The belt was next to be put on. I had a little trouble getting it on because it fit so tight around the waist I didn’t want to damage the delicate clasp. The biggest complaint I hear (and I had trouble with this myself) is that the belt doesn’t rest directly on the top part of the blue briefs. A little bit of the red bodice peeks out the bottom. I had to work at pulling the upper part of the outfit up enough so the belt could go into place the way it’s supposed to.
The bracelets were next and it was a little rough getting them on. I didn’t know it at the time, but I could have just pulled the hands off, slipped the bracelets on, and then popped the hands back into place. Instead I scuffed her wrists a bit getting them on. They’re not supposed to dangle loosly above the hands. Instead, I pushed them up a little and bent them just enough stay into place. Now, that’s how Lynda Carter wore hers!
The tiara was definitely a challenge. It’s molded bigger that her head and the easiest way to put it on is to just have it around the outside of her hair. Nothing wrong with that since she’s worn it like that before, but not with this outfit. Instead the tiara should only be visible in the front and covered in the back. It took a few tries experimenting with different amounts of hair to loop through it to get it to stay into place. If it isn’t balanced just right it falls down to cover her eyes because of the weight of the metal. You can build up the back with some masking or electrical tape to keep it from sliding down.
For some reason the “W” emblem is a screenprinted decal instead of an embroidered logo like Tonner’s first doll. It would have looked much better that way, or at least with gold metallic paint. On the prototype pics it looks like plain yellow, but on the production doll it’s a golden yellow. I’ve bought several of this same doll over the years and I’ve had some nrfb, still sealed in the shipper arrive with a bright orange emblem. I assume that during the production process some of these left the factory with the color error so if you’re buying one examine the seller’s pics closely or just ask them what color the emblem is. Also, please note that this doll doesn’t come with earrings. I normally don’t use the earrings that come with my dolls anyway, but I had a couple of sewing pins that made a perfect addition to her look.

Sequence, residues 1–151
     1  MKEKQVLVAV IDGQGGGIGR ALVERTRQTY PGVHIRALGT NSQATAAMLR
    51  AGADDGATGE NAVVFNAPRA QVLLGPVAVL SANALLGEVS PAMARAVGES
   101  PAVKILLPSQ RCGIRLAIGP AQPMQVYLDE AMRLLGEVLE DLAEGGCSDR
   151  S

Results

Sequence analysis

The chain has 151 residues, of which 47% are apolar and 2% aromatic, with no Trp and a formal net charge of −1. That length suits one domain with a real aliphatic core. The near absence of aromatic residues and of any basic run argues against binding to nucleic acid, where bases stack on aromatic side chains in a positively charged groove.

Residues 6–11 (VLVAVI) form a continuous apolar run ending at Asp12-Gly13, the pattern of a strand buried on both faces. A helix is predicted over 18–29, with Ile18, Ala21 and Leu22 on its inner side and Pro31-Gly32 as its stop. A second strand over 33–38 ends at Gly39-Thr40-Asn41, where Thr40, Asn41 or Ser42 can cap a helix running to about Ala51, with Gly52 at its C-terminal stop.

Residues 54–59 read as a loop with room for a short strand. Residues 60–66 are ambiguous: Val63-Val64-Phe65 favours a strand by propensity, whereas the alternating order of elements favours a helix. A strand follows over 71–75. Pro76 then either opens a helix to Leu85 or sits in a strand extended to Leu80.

After setting her up on her waist gripper stand I set her over on the table next to me and just looked at her. I was so excited to finally have a WW doll that was *this close* to being accurate to the comic with a nod to the tv show. Despite the many things that could have been improved upon (and later were) I was in awe of the quality. It was also bittersweet at the same time because I knew that if I had her 30 years ago I would have loved her even more. I had been a hardcore action figure collector for many years (I even had all 3 WW Barbies) and this was the first time I had such an emotional response to a toy. It made me feel like a 6 year-old kid again. It brought back memories of that old house we used to live in and watching Lynda Carter deflect bullets on our old tv with the bad picture tube. It was like Christmas Day and finally having the opportunity to own my favorite character……and after 30 years it was definitely worth the wait!
Next week we’ll take a look at the “Office Savvy” outfit, “Amazon Princess” and the exclusive doll that wore the outfit.